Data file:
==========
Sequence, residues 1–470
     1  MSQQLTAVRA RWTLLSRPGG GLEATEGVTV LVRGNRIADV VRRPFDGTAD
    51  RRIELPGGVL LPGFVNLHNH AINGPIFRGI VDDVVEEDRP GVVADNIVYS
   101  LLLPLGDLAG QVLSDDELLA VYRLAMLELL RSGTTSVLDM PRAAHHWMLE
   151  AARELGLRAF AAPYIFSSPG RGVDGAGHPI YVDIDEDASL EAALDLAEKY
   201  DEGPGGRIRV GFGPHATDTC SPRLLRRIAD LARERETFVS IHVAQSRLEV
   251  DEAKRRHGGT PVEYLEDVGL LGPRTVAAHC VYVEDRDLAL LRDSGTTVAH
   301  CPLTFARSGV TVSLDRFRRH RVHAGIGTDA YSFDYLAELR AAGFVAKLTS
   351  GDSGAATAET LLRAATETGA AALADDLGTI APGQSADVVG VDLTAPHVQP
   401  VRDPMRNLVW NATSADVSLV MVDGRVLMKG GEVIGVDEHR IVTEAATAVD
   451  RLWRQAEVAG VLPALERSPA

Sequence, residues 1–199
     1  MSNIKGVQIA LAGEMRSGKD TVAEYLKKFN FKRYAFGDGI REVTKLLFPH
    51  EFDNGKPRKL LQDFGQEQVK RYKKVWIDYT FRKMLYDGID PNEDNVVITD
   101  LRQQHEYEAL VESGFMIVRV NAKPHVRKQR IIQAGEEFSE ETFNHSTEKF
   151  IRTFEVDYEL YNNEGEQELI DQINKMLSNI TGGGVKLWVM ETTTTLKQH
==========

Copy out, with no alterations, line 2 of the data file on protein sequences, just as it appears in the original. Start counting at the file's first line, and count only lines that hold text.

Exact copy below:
     1  MSQQLTAVRA RWTLLSRPGG GLEATEGVTV LVRGNRIADV VRRPFDGTAD